Paris Commune
in 1871, the painter Gustave Courbet, president of the Federation of Artists and elected member of the Commune,[5] who had previously expressed his dismay that this monument to war was located on the Rue de la Paix, proposed that the column be disassembled and preserved at the Hôtel des Invalides. Courbet argued that:

Communards pose with the statue of Napoléon I from the toppled Vendôme
Vendôme
column, 1871

“ In as much as the Vendôme
Vendôme
column is a monument devoid of all artistic value, tending to perpetuate by its expression the ideas of war and conquest of the past imperial dynasty, which are reproved by a republican nation's sentiment, citizen Courbet expresses the wish that the National Defense government will authorise him to disassemble this column.[6] ”

His project as proposed was not adopted, though on 12 April 1871 legislation was passed authorizing the dismantling of the imperial symbol. When the column was taken down on 16 May its bronze plates were preserved. After the suppression of the Paris Commune
Paris Commune
by Adolphe Thiers, the decision was made to rebuild the column with the statue of Napoléon restored at its apex. For his role in the Commune, Courbet was condemned to pay the costs of rebuilding the monument, estimated at 323,000 francs, in yearly installments of 10,000 francs. Unable to pay, Courbet went into self-imposed exile in Switzerland, the French government seized and sold the artist's paintings for a minor amount, and Courbet died in exile in December 1877.[7][8] In 1874, the column was re-erected at the center of Place Vendôme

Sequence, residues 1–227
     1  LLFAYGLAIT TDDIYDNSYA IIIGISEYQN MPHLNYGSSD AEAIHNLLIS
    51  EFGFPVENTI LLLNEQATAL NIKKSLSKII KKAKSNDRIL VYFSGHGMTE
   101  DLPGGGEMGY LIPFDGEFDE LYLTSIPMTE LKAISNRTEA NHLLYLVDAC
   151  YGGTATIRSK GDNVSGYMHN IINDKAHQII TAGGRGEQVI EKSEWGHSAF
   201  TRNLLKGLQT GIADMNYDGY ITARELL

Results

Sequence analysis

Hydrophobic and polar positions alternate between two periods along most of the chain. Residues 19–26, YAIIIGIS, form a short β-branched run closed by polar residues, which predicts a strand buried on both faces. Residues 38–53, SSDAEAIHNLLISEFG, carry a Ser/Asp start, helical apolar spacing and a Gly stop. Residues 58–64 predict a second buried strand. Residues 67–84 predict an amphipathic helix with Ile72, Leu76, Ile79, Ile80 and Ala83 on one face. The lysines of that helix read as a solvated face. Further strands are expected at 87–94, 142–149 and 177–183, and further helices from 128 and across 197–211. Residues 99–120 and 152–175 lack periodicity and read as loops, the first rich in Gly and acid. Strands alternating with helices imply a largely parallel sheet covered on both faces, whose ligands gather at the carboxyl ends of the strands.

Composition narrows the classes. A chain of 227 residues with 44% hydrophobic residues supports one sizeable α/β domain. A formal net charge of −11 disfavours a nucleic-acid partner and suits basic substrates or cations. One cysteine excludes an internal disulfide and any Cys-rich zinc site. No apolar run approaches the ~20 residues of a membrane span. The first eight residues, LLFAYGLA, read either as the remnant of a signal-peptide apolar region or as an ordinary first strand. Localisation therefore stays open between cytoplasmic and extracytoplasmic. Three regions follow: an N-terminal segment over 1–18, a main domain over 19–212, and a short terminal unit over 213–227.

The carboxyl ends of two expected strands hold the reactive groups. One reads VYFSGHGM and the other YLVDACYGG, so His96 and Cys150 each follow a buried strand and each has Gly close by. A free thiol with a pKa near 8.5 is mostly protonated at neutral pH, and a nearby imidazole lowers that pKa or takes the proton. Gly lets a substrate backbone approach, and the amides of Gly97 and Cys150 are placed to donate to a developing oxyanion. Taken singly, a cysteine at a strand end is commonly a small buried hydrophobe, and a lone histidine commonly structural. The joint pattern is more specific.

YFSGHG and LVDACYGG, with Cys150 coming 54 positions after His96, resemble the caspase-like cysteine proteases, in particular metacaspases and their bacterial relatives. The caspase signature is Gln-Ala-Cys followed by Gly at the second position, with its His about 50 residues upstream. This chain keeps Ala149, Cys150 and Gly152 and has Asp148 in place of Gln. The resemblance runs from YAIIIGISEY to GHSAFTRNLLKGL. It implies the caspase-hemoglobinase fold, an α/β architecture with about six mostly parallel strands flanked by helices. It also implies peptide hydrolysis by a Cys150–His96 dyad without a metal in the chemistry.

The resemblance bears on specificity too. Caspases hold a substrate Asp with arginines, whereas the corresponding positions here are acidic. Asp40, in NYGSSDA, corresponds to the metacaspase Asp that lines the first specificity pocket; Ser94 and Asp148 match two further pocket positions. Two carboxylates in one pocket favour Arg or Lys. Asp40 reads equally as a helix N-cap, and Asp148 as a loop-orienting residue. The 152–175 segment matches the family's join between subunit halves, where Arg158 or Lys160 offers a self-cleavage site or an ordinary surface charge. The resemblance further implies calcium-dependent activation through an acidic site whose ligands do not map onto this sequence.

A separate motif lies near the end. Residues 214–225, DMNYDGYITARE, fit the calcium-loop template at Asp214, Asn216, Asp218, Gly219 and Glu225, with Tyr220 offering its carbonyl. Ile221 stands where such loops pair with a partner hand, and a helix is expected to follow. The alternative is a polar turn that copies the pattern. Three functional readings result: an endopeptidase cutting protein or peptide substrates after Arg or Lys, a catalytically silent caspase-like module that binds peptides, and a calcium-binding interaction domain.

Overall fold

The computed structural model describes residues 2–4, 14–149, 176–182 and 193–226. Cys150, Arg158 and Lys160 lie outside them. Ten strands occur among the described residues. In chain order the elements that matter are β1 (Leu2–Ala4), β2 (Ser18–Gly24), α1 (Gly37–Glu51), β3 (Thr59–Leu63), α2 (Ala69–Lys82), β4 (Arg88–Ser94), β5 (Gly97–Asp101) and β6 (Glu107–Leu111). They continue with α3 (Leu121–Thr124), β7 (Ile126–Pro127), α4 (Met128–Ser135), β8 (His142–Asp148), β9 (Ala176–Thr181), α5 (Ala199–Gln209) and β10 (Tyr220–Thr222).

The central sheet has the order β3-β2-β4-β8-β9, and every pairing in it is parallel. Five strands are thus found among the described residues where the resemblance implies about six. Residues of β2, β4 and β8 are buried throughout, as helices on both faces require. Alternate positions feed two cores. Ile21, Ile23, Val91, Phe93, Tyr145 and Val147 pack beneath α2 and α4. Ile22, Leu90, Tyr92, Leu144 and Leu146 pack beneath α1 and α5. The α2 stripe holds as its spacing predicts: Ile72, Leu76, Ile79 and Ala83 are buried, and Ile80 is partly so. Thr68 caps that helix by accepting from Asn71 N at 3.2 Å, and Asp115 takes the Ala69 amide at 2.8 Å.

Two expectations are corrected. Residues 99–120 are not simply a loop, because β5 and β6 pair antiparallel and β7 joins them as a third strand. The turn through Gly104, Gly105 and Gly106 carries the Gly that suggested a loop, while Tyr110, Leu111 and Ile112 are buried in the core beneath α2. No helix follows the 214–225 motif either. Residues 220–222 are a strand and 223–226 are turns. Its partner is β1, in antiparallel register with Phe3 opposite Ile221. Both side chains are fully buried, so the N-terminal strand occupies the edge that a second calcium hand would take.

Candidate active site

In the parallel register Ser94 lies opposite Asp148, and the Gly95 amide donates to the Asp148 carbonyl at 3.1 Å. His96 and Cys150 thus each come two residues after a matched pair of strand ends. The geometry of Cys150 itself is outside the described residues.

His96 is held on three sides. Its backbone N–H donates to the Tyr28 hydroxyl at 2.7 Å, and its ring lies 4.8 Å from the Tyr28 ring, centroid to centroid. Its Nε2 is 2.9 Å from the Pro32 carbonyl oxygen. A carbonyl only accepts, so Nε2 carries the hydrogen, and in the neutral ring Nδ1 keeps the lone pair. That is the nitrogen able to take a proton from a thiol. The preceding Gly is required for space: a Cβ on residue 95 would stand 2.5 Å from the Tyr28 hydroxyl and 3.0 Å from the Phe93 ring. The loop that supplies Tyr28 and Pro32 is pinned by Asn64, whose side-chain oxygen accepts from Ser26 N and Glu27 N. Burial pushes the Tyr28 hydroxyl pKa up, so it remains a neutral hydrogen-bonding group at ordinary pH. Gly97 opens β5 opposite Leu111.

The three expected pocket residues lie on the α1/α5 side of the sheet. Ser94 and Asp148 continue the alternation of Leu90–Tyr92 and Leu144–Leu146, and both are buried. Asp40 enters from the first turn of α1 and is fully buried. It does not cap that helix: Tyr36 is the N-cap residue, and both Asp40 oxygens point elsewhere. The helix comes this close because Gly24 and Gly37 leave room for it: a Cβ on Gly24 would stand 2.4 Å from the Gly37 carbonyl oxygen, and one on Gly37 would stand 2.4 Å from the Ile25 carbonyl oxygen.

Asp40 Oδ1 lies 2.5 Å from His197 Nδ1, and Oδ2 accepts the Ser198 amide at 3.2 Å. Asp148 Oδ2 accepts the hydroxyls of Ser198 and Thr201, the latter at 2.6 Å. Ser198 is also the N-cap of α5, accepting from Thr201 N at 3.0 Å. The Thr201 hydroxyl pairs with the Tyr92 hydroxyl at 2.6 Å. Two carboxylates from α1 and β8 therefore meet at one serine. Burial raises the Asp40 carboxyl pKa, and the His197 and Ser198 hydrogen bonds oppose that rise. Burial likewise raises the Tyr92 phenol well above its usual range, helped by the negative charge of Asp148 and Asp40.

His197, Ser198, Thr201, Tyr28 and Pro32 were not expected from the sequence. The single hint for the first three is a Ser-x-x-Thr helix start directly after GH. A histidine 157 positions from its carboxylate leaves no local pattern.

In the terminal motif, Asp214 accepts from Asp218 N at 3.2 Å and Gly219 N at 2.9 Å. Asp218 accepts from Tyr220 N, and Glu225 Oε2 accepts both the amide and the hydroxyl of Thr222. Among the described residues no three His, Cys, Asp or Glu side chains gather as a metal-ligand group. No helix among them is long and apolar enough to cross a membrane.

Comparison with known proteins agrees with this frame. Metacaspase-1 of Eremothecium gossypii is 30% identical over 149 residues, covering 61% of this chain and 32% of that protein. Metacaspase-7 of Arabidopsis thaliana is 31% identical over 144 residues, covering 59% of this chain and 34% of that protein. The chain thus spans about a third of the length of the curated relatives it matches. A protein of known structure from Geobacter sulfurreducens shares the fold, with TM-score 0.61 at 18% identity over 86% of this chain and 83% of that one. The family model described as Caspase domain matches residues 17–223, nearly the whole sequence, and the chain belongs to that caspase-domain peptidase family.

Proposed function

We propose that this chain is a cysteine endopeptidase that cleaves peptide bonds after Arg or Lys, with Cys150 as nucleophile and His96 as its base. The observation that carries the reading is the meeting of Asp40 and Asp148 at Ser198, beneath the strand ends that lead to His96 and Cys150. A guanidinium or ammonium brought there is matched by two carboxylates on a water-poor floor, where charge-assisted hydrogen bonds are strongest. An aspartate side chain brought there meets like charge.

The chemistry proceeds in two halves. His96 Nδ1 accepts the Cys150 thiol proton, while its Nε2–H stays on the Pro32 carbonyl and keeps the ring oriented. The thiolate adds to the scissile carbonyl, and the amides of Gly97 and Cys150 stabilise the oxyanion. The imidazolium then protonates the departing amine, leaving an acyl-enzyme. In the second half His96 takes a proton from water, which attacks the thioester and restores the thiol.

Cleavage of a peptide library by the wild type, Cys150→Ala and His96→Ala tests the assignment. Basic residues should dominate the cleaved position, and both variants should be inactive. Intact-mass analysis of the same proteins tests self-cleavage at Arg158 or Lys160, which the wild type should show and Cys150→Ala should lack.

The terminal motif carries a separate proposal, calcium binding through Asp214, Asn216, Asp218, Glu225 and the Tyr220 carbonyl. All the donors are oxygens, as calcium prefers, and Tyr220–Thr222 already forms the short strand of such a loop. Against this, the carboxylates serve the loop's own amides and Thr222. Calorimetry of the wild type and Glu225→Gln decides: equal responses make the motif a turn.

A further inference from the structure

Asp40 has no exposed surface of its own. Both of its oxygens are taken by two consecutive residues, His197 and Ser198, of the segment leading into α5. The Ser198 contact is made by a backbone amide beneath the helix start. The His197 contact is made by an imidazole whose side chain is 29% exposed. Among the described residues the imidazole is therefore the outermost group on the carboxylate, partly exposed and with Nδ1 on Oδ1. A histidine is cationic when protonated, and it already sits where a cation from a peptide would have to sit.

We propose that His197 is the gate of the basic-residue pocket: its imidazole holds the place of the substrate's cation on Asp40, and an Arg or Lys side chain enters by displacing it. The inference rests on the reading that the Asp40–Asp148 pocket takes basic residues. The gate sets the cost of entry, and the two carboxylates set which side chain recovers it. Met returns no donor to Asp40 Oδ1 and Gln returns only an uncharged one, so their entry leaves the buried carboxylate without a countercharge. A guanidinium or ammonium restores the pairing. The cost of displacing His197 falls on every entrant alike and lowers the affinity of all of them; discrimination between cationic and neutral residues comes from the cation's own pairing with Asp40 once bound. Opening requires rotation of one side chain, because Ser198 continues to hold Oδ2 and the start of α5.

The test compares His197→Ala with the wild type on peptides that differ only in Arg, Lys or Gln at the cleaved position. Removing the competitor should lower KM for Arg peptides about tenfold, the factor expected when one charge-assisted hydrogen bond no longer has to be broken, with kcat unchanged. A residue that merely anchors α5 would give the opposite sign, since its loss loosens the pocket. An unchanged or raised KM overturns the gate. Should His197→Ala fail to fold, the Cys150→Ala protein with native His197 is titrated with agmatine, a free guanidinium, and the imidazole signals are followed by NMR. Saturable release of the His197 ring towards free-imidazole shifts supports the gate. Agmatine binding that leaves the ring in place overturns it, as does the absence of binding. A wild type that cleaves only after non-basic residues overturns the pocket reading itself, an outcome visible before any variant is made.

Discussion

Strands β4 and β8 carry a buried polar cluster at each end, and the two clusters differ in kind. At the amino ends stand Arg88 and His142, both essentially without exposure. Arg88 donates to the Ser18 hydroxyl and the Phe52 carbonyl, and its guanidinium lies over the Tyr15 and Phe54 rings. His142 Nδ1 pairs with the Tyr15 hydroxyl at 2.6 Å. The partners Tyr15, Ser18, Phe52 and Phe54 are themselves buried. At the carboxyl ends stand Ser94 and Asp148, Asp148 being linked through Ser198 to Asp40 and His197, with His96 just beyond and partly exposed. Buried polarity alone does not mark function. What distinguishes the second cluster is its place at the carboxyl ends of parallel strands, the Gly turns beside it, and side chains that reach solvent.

Vendôme
with a copy of the original statue on top.[citation needed] An inner staircase leading to the top is no longer open to the public.[citation needed] Features[edit] At the centre of the square's long sides, Hardouin-Mansart's range of Corinthian pilasters breaks forward under a pediment, to create palace-like fronts. The arcading of the formally rusticated ground floors does not provide an arcaded passageway as at Place des Vosges. The architectural linking of the windows from one floor to the next, and the increasing arch of their windowheads, provide an upward spring to the horizontals formed by ranks of windows. Originally the square was accessible by a single street and preserved an aristocratic quiet, except when the annual fair was held there. Then Napoléon opened the rue de la Paix, and the 19th century filled the Place Vendôme
Vendôme
with traffic. It was only after the opening in 1875 of the Palais Garnier on the other side of the rue de la Paix that the centre of the Parisian fashionable life started gravitating around the rue de la Paix and the Place Vendôme.[9] Hôtels particuliers[edit] Hôtels particuliers
Hôtels particuliers
on the Place Vendôme:

1 3 5 7 9 11 13 15 17 19 21 23 25 2 4 6 8 10 12 14 16 18 20 22 24 26 28 Vendôme Column

N°1 : Hôtel Bataille de Francès N°3 : Hôtel de Coëtlogon N°5 : Hôtel d'Orsigny N°7 : Hôtel Lebas de Montargis N°9 : Hôtel de Villemaré N°11 : Hôtel de Simiane N°13 : Hôtel de Bourvallais N°15 : Hôtel de Gramont N°17 : Hôtel de Crozat N°19 : Hôtel d'Évreux N°21 : Hôtel de Fontpertuis N°23 : Hôtel de Boullongne

N°2 : Hôtel Marquet de Bourgade N°4 : Hôtel Heuzé de Vologer N°6 : Hôtel Thibert des Martrais N°8 : Hôtel Delpech de Chaunot N°10 : Hôtel de Latour-Maubourg N°12 : Hôtel Baudard de Saint-James N°14 : Hôtel de La Fare N°16 : Hôtel Moufle N°18 : Hôtel Duché des Tournelles N°20 : Hôtel de Parabère N°22 : Hôtel de Ségur N°24 : Hôtel de Boffrand N°26 : Hôtel de Noce N°28 : Hôtel Gaillard de la Bouëxière

In culture[edit] The Place Vendôme
Vendôme